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One of the groups arising during the period-instrument boom of the 1980s was Cologne Concerto, also known by its German name, Concerto Köln. Founded in 1985 by recent graduates of various European conservatories, it almost immediately began touring its Baroque and Classical repertory around Europe, appearing frequently at major music festivals. In 1992, in collaboration with Deutschland Radio, the group founded the Cologne Festival of Early Music; each year, the festival focuses on the instrumental works and operas of a specific composer, including such neglected figures as Kraus, Vanhal, and Locatelli. Its recordings have ranged even more widely, from the likes of Dittersdorf and Durante through Bach, Vivaldi, and Mozart, and on even to Mendelssohn. A self-governing organization, the ensemble receives no government subsidies. Its democratic notions extend to its lack of a permanent conductor; after first violinist Werner Ehrhardt, Martin Sandhoff was appointed artistic director in 2005. Members often go their separate ways as chamber musicians, but the group also brings in diverse collaborators, including a Turkish ensemble for a tour and recording fusing such eighteenth century pseudo-Turkish pieces as Mozart's "Overture to the Abduction" from the Seraglio with the authentic folk music that inspired it. The group has also partnered with soprano Cecilia Bartoli, Vivica Genaux, and Arsys de Bourgogne and released Airs D'Opéras Italiens (2007), Amoureuses (2008), and Johann Christian Bach: Mailälander Vesperpsalmen.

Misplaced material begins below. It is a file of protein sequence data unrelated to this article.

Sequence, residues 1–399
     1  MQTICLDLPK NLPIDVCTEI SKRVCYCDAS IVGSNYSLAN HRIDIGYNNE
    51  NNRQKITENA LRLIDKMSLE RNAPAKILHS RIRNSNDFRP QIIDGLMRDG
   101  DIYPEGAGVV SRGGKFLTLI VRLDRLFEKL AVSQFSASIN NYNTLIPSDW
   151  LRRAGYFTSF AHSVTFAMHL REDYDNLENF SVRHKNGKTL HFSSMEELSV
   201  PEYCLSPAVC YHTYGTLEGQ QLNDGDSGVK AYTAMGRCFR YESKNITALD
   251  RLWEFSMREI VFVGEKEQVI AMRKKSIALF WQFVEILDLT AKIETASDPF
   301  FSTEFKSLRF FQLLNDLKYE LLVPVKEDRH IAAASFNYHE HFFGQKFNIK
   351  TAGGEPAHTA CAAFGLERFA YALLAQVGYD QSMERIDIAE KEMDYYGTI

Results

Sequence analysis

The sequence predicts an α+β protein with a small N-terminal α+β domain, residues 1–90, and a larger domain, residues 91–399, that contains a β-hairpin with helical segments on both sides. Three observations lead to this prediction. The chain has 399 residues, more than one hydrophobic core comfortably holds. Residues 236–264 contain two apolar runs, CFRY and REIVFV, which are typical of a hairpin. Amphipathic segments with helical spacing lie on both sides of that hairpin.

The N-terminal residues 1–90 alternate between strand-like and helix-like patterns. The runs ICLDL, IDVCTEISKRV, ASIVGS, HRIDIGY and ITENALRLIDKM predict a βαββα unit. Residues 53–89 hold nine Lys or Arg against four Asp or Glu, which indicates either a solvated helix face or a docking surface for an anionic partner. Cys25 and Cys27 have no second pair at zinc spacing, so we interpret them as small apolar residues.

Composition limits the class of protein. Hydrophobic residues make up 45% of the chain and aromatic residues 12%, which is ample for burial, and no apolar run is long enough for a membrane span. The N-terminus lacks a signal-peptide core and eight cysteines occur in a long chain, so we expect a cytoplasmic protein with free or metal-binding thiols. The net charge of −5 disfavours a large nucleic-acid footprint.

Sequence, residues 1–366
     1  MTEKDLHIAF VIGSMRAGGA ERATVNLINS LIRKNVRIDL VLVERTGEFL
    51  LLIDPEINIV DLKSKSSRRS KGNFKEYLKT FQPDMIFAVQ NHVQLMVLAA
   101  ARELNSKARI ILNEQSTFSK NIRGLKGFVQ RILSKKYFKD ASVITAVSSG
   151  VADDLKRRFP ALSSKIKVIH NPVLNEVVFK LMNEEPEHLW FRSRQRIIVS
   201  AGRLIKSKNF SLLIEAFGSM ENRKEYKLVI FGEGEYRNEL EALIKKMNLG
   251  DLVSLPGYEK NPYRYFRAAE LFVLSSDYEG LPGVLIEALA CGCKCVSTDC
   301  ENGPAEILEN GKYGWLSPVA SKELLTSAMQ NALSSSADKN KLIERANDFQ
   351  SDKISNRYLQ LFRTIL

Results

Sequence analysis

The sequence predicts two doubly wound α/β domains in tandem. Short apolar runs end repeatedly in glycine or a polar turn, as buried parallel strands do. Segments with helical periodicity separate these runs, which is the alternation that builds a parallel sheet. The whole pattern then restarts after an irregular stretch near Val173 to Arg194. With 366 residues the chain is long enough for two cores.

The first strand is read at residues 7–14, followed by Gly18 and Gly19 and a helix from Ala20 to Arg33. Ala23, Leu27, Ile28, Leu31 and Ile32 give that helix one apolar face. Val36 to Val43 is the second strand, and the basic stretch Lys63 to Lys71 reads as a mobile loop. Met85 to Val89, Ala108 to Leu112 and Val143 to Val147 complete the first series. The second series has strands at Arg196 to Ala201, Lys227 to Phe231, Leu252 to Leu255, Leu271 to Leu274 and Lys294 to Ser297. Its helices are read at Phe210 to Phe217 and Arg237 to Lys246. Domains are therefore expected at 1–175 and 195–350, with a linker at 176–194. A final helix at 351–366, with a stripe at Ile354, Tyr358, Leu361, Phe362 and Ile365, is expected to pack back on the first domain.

1985 in Cologne, Germany
'80s, '90s, '00s, '10s